In a type theory with function types, given a type$X$, a functional of base type $X$ is a term of type $X^{X^X}$ aka $(X \to X) \to X$. This should be distinguished from (on the one hand) an operator, which is a term of type $(X^X)^{X^X}$ aka $(X \to X) \to (X \to X)$, and (on the other hand) a function, which (in this context) is a term of type $X^X$ aka $X \to X$.

More generally, any term whose type has the form $A^{B^C}$ aka $(C \to B) \to A$ may be called a functional, although usually not if any of these types is very trivial (since any type has this form, up to equivalence, if $B,C \coloneqq 1$).

Although one typically interprets type theory within set theory so that operations between types become functions, one may also use partial functions, which is necessary for many of the examples below.

If we interpret $X$ as the real line, then $X^X$ consists of real-valued maps of a real variable, which form a vector space. The linear maps from $X^X$ to $X$ are the original linear functionals. In functional analysis, we now replace $X^X$ with an arbitrary topological vector space$V$ (originally but no longer necessarily taken to be a subspace? of $X^X$) and consider linear maps from $V$ to $X$ instead; so these linear functionals are actually unstructured operations in a type-theoretic sense.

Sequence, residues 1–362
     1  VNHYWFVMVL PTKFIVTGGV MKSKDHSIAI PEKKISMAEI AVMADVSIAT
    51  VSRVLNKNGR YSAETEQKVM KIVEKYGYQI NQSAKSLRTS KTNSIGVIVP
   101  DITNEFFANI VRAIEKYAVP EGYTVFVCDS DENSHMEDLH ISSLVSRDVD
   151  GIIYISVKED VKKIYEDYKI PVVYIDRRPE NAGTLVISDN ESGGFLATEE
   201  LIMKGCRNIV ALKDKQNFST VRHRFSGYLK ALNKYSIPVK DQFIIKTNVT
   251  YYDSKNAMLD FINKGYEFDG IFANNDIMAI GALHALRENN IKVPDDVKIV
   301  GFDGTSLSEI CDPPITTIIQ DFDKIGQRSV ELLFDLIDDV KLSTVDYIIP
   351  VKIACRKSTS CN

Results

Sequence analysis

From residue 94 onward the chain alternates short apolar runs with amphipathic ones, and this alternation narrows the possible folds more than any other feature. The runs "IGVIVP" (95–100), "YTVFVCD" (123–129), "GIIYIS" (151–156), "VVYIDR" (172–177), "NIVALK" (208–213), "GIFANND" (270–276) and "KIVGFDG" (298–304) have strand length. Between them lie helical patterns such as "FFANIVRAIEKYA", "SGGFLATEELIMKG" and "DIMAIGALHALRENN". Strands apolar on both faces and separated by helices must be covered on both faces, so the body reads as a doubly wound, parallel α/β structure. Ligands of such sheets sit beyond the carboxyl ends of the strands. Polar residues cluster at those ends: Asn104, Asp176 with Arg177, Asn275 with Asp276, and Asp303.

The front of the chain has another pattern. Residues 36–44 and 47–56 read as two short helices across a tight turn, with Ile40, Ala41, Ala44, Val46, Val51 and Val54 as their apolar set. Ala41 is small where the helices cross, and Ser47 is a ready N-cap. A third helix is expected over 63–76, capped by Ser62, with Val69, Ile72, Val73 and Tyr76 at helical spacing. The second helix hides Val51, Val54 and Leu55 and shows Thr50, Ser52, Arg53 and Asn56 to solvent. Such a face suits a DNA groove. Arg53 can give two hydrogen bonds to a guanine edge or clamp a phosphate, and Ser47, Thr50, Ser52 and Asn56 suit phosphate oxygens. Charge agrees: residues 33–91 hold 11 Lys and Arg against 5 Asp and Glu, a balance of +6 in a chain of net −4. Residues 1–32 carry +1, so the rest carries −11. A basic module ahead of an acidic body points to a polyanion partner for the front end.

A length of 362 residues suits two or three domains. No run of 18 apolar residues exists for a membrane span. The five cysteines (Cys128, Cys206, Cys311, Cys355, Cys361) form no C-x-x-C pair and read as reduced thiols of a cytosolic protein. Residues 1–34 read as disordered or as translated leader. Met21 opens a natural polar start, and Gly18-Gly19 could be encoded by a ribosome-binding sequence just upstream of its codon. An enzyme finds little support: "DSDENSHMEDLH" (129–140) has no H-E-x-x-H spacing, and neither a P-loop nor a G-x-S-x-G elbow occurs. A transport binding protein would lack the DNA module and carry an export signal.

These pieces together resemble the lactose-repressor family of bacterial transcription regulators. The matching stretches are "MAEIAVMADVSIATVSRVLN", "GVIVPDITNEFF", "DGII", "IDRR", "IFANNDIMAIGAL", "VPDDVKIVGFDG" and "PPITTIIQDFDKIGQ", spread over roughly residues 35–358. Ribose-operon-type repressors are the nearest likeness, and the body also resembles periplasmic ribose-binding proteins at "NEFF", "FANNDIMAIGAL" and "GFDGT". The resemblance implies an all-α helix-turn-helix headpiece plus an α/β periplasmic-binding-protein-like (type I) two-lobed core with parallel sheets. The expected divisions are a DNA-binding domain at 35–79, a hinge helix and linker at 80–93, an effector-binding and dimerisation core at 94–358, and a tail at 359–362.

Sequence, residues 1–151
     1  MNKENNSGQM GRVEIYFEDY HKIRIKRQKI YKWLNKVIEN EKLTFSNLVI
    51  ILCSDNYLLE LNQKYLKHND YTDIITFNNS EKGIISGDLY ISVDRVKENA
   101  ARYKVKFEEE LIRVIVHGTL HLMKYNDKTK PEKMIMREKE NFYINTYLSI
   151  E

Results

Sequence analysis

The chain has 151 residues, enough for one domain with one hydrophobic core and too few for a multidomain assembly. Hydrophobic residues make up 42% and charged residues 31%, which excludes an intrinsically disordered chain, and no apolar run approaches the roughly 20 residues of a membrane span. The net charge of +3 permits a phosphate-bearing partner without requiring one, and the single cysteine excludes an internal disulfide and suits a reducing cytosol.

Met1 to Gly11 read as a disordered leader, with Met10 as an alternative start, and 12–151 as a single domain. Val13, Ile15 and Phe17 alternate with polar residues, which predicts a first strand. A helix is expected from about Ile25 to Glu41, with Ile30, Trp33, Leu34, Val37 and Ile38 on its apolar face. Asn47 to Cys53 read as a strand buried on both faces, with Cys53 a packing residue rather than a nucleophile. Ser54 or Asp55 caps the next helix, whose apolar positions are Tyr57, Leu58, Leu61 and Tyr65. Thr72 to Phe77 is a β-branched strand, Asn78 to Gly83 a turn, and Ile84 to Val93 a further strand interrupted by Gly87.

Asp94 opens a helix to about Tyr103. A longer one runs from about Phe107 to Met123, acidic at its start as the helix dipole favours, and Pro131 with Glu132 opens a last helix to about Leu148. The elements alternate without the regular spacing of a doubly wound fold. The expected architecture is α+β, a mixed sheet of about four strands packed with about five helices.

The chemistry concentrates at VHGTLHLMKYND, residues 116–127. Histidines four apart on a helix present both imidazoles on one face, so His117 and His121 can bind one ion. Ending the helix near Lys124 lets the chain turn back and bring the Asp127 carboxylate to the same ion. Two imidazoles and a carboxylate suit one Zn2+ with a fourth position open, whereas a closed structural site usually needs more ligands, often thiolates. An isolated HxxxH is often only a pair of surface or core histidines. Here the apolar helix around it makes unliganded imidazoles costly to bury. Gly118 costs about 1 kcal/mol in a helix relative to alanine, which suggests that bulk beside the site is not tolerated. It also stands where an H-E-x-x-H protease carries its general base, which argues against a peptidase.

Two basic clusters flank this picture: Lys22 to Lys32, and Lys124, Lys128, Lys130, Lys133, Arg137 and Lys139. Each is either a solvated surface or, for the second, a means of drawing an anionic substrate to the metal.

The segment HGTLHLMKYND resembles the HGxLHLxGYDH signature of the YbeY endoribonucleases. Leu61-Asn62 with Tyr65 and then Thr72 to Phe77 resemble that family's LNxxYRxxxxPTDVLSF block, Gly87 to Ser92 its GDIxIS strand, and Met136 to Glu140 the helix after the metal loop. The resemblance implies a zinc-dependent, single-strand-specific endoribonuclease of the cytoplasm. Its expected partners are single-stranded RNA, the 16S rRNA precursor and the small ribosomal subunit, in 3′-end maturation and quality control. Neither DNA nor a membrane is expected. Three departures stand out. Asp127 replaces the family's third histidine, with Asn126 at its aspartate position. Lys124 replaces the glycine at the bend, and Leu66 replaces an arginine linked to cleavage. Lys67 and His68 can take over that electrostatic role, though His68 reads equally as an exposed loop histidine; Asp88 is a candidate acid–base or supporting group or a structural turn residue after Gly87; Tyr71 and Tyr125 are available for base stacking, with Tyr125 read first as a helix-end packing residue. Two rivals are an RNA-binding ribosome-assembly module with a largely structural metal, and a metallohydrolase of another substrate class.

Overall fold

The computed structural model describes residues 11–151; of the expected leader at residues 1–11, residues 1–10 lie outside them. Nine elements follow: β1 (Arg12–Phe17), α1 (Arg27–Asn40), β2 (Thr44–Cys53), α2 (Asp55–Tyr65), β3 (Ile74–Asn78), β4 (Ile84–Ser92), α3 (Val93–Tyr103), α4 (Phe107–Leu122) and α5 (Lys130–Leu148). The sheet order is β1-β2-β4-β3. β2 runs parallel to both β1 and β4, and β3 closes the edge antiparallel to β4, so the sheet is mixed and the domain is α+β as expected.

Revised on October 14, 2013 13:14:49
by Toby Bartels
(98.19.41.253)